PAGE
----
What is an ‘internal armed conflict’ in EU law? This was a question which the BelgianConseil d’État referred to the Court of Justice of the European Union (CJEU), asking in essence whether the concept of ‘internal armed conflict’ is to be understood as defined in international humanitarian law (IHL) or as a term with an independent meaning in the Union legal order.
Climate Change and Migration – 4 March 2015
Two recent working papers build on the assertion that climate change, and sometimes also its mitigation and adaptation strategies, have the potential to foment conflict. Working Paper No. 6, authored by Dr. Enza Roberta Petrillo, a former visiting researcher at the Institute, tackles the European Union’s (EU) policy response to environmental migration from conflict-affected countries. Working Paper No. 7, authored by Conflict Prevention Program Researcher Ting Zhang, examines how mitigation and adaptation can be made more conflict-sensitive, by drawing upon examples from the Asia-Pacific region.
Policy Brief 10 | May 2014
Most migration stakeholders clearly recognize that irregularity is undesirable and a continuous source of concern for many governments and the international community. The issue, which has barely been acknowledged, is that continuous demand for cheap labor in destination states is a catalyst for irregular migration, both stimulating and sustaining the phenomenon. It is within this paradoxical context of undesirability and indispensability that policymakers and irregular migrants find themselves.
Policy Brief 9 | March 2014
This policy brief reviews both the challenges that SIDS face because of climate change in terms of adaptation and development, internal displacement and migration, sovereignty a nd exclusive economic zones, as well as the means they use to advance their cause, such as legal claims to compensation and multilateral diplomacy.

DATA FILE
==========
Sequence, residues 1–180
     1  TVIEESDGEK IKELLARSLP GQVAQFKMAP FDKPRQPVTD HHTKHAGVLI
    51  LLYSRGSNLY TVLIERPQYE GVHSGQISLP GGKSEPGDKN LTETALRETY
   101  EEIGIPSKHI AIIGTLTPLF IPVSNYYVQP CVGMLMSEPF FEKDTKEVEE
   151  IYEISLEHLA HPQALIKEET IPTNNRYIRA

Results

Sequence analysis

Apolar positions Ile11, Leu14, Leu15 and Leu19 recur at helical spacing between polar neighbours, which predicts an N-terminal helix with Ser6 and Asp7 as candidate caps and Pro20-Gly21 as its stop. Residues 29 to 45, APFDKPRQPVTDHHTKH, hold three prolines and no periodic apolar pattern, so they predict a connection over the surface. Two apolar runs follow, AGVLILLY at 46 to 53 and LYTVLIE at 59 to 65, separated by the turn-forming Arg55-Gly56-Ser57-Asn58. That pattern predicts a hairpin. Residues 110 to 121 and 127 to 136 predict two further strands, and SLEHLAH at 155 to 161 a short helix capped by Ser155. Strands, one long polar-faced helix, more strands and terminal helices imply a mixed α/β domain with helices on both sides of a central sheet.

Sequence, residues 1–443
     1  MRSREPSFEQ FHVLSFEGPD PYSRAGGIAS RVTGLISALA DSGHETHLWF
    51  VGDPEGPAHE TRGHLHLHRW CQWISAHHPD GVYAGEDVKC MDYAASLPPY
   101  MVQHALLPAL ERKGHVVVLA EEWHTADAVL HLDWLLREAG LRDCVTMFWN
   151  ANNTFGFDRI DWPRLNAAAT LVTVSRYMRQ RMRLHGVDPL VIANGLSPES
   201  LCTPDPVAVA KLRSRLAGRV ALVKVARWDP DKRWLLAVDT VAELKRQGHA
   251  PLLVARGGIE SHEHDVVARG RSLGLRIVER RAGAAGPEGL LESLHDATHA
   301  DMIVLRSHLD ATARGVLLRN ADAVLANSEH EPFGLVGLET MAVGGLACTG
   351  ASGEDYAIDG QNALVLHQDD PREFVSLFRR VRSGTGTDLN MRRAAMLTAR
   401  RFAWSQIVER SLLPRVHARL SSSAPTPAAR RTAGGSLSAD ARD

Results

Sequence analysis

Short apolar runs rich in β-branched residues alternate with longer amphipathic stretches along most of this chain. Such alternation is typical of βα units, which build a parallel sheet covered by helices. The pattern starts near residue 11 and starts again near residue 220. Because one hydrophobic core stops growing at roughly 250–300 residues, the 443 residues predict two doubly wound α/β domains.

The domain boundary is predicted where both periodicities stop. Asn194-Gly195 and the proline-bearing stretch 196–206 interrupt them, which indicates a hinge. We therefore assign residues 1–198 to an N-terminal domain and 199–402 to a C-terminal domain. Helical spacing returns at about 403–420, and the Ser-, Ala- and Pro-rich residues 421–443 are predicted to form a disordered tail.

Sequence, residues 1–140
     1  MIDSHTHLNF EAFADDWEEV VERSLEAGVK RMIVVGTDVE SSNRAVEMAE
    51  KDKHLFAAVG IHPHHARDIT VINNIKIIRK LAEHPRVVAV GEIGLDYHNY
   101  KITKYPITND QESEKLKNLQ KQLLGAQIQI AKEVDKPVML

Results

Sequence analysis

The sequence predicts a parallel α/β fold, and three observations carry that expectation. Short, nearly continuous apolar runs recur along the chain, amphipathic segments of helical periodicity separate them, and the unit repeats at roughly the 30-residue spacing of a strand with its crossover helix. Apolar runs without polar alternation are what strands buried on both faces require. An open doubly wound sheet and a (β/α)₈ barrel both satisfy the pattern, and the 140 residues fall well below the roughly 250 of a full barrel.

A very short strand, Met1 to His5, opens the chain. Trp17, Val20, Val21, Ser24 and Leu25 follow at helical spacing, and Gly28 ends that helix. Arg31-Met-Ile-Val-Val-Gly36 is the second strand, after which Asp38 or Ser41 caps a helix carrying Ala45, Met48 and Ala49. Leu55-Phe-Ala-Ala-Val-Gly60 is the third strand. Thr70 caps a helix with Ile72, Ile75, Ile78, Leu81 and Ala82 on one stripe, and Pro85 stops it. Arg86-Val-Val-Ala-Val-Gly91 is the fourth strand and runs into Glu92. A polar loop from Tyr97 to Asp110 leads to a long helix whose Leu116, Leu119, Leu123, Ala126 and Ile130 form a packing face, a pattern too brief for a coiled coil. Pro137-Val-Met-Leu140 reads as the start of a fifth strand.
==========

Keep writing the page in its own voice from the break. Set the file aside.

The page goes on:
The Nexus between Statelessness and Human Trafficking – 13 February 2015
On 13 February 2015, the Institute welcomed authors Laura van Waas and Conny Rijken to discuss the methodology and findings of their two-year research project aimed at understanding the link between statelessness and increased vulnerability to human trafficking amongst the hill tribes in Northern Thailand.
Roundtable on International Migration and Global Justice – 3 December 2013
The Hague Institute convened a group of director-level officials from government, international organizations and civil society to discuss the intersection between migration and global justice in an informal and frank setting.
Distinguished Speaker Series – Peter D. Sutherland – 2 December 2013
On 2 December 2013, the Institute welcomed the Special Representative of the UN Secretary-General for Migration and Development, Peter Sutherland. Mr. Sutherland is one of the world’s leading thinkers on international migration policy, publishing regularly on the economic potential of migration, migrants’ rights and ways to overcome obstacles to the realization of migration’s development.